I came across this document I wrote a couple of years ago to hand out to teachers within a program I was consulting with.

Simple, easy techniques to aid with sensory meltdowns.  So simple but so good, that I thought I should share.

  • First, remember to provide regular and consistent sensory input throughout your child’s day.  This is the key to preventing sensory meltdowns.  Remember to be preventative.
  • Deep breaths.  They’re feeding off your energy so try to remain calm (easier said than done at times, I know).  Also, they will begin to mimic your breathing which will hopefully shorten the meltdown.  If they are very far gone into the meltdown try breathing in a pattern that consists of two sharp inhales, and one long exhale (it’s the same pattern you would use if you just got done with a really good crying fest).  And then go to deep inhales & exhales.
  • Sensory input that seems to calm when your child is in a good place, is not necessarily going to work when your child is already in meltdown mode.
  • Sensory input during the day should be functional.  However, sensory input during a meltdown is most likely not going to be functional.
  • Lower your voice to a whisper.  Do not try to talk over the yelling or crying.
  • Limit your words.  Your child is now operating from a place of “fight or flight”.  He is not able to process language.  The more language you throw at him, the more confused and elevated he will most likely become.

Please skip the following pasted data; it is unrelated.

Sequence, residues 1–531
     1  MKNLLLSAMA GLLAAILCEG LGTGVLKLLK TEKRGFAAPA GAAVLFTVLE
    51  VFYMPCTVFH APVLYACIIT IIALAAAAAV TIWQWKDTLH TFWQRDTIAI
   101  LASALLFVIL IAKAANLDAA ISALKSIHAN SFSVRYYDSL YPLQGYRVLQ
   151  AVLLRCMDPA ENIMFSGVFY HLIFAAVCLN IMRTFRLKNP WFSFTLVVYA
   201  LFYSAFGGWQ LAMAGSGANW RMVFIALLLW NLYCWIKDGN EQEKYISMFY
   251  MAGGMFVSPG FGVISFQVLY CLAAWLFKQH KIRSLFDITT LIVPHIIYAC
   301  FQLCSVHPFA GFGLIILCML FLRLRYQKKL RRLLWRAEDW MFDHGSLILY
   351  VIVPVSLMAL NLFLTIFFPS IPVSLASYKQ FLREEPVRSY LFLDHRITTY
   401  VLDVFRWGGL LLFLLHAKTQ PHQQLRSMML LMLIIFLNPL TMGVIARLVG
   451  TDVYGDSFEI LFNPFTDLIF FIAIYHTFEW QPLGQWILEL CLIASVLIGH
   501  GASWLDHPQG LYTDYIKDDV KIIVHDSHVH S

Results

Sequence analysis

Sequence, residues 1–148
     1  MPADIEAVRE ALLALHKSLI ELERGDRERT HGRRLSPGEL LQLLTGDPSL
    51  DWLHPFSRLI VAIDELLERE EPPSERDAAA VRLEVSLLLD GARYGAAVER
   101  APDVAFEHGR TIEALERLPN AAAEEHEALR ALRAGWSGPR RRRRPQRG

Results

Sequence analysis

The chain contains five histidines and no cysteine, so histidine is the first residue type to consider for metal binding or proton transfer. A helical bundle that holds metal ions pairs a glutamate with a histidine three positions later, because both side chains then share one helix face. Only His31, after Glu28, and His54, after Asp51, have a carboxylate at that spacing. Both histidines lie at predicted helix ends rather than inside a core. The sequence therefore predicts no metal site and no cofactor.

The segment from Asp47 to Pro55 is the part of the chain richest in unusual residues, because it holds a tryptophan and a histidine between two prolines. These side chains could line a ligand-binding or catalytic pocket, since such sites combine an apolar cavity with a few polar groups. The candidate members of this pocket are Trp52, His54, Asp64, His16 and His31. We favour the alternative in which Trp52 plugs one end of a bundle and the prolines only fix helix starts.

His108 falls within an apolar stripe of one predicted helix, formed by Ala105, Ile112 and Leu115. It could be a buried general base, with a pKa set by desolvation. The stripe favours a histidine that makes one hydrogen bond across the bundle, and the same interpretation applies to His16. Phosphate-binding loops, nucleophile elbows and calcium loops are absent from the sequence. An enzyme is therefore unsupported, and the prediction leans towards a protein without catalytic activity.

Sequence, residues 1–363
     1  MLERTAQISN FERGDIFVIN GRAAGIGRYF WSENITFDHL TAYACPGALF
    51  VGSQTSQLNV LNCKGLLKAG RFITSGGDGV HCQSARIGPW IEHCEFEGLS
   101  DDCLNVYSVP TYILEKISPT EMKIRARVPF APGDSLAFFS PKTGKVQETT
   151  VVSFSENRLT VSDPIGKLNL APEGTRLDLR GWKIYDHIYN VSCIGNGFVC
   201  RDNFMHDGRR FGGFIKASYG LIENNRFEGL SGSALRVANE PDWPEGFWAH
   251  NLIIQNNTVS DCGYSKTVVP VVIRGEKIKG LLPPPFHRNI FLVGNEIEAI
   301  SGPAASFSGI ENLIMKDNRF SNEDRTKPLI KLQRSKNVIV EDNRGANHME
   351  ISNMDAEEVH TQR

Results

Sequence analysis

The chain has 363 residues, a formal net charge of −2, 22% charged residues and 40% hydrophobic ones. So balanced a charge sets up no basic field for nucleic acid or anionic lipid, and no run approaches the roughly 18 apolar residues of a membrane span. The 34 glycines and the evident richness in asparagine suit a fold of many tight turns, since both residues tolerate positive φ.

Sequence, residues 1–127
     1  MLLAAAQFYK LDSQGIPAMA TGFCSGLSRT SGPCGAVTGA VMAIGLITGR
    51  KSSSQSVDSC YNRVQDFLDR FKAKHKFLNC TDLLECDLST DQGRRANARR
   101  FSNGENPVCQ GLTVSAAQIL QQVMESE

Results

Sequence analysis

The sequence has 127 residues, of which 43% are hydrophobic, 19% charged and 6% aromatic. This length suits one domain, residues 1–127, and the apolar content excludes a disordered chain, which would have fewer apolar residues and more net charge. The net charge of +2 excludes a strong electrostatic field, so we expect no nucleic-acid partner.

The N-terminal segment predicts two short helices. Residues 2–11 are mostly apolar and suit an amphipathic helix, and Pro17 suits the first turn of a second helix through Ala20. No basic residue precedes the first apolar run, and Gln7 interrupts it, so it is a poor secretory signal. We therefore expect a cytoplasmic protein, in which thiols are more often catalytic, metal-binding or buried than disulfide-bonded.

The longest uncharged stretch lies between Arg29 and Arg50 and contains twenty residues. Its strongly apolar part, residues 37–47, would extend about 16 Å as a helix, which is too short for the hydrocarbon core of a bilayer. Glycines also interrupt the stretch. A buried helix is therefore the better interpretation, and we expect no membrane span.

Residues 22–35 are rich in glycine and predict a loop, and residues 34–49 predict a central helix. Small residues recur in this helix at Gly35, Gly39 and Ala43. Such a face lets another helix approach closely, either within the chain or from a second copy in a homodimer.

• Adjust the environment whenever possible.  Lower lights, remove distractions, play soft music, allow a safe place to crash in or burrow under.
  • Deep pressure is often calming.  Wrap your hands around your child’s arm and squeeze to the count of ten in a strong but loving embrace.  Make your way up each arm and each leg, NOT doing it on top of their joints.
  • BUT if your child does not want to be touched, give them some space.
  • If they do allow touch, try holding points on the body that are recognized to bring energy down: on the inside of their knees, the bottom of their feet on the arch, lightly on the ridge by the occipital lobe (lower, back skull), or lightly on their positive points located on their forehead.
  • Don’t get discouraged.  What works for one kid, doesn’t necessarily work for another.  What works for one meltdown, doesn’t necessarily work for the next one.

What works for you and your family?

Heather Nelson

Heather resides in Rockland where she is busy juggling life as a newlywed, a mom to two boys (one of which who has autism), a part time job in direct sales, and a full-time job as a pediatric occupational...